The trade agreement will see the South American country boost exports of products such as bananas and coffee.
Gulfood expo prompts Ecuador to boost UAE ties
Equador plans to strengthen ties with the UAE by signing a trade agreement that will see the South American country boost exports of products such as bananas and coffee.
“If all goes well today, I am going to sign an agreement with the Emirates which is a general agreement to help us to organise trade in the future,” Francisco Rivadeneira, Equador’s minister of international trade, said at the Gulfood expo opening in Dubai today.
Gulfood is the world’s biggest food and hospitality show.
“We are not thinking about negotiating a more specific trade agreement because of the Jebel Ali Free Zone most of our products can connect with this market without pre tariffs,” said Mr Rivadeneira. “We believe there is huge potential for our bananas and their value added products, our coffee, [and] our chocolate [which] uses the finest cocoa in the world and is used to blend the finest Swiss chocolates.
“Also our fishery products. We are one of the world’s biggest suppliers of tuna to the world, with different varieties and presentations and our shrimp farming is renowned worldwide for its quality,” he said.
Gulfood has attracted more than 4,500 exhibitors from 120 countries exhibiting food and beverage. Countries as well as companies are represented in different pavilions but all are flying the flag for trade.
Mr Rivedeneira said the UAE could provide opportunities for his country to target the upmarket travel sector and those happy to pay a higher price for Ecuador’s high quality products.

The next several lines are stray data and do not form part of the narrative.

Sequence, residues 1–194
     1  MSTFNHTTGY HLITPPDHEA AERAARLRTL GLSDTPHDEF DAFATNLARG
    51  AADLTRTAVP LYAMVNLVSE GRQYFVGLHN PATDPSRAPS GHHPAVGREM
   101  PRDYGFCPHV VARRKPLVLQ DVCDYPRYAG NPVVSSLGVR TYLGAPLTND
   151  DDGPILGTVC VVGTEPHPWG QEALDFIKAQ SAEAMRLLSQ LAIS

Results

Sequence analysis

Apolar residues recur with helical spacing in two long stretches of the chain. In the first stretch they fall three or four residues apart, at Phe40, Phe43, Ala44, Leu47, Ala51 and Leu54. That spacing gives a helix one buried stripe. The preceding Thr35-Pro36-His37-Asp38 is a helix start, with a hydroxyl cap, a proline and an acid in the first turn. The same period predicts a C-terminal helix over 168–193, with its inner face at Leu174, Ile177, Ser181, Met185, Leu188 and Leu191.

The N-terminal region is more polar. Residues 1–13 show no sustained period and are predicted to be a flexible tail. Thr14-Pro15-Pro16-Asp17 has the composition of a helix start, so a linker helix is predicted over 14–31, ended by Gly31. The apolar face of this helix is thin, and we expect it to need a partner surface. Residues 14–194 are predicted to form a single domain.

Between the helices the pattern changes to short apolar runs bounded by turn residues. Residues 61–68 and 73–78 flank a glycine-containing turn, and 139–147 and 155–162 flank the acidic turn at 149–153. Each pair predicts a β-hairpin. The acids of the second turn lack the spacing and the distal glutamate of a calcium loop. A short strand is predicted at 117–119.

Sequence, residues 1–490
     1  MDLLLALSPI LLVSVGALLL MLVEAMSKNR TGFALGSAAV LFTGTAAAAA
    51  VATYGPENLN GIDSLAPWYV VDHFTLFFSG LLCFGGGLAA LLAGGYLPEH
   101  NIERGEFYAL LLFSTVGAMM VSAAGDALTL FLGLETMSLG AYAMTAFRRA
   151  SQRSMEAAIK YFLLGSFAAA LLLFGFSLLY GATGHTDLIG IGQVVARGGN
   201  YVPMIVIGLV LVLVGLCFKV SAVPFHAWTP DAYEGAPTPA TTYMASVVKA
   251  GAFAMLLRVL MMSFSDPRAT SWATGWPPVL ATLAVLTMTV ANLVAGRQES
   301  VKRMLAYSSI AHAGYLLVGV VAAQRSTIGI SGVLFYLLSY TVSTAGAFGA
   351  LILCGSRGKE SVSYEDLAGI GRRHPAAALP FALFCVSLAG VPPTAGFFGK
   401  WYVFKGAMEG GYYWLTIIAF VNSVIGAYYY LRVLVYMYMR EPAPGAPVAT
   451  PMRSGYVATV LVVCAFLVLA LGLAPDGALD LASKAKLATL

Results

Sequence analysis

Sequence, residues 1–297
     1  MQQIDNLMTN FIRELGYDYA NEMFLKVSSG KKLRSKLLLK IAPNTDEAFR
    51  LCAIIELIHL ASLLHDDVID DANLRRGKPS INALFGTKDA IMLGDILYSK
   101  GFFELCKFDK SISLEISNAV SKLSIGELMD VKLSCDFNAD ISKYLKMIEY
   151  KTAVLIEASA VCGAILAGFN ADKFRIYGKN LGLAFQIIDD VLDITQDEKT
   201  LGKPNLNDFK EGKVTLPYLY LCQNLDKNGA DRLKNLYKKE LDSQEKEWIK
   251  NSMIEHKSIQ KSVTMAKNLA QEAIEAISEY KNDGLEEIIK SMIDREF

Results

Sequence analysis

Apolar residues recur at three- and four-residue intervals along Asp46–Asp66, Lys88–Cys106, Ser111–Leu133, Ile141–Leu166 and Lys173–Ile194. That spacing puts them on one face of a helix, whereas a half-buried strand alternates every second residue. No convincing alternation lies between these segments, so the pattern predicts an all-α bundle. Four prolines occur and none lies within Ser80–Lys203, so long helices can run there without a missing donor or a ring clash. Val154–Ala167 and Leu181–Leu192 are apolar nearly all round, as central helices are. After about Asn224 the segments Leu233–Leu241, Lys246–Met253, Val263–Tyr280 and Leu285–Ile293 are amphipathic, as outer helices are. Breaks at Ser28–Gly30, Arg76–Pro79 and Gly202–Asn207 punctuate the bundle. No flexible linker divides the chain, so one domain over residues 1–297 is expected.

“Food imports are growing massively to the UAE with US$53.1 billion worth of food imports expected to be moved through the UAE by 2020, according to Euromonitor,” said Mark Napier, the director of Gulfood.
“For many exhibitors here their home markets are delivering minimal returns, whereas here we have a region and a country that is on a major growth curve. Tourism is only growing and with the expo looking to generate 25 million visitors over a six-month period that is going to create an enormous demand.
“It’s a conservative estimate that over $1bn worth of trade value takes place over the course of this event,” Mr Napier added.
“Some [operators] of the national pavilions from last year have reported double the amount of trade as a direct result of participation here. The Kenyan ambassador announced its trade had soared more than 100 per cent with the Middle East after its participation last year.”
International exhibitors regard the event as a way of connecting with the region but also of launching products. Singapore, a country that imports ore than 90 per cent of its food, sees the possibility of the UAE exporting to the South East Asian state.
“Dubai and Singapore have mirrored each other as a trade, air and finance hubs the strategies are very similar we even import 98 per cent of our food,” said Lester Lu, the regional director of International Enterprise Singapore.
“Here you have land, where we do not, so hyrdoponics is possible, the UAE could be a big powerhouse in food, we have no land so most of our food is imported. The authorities are encouraging all industries here, so maybe food from here could become an unexpected hit,” he said.
“Over the past five years at Gulfood we have seen 5 to 6 per cent growth each year, in 2012 we recorded US$238 million worth of sales from the show and we have 48 Singaporean companies this year.”
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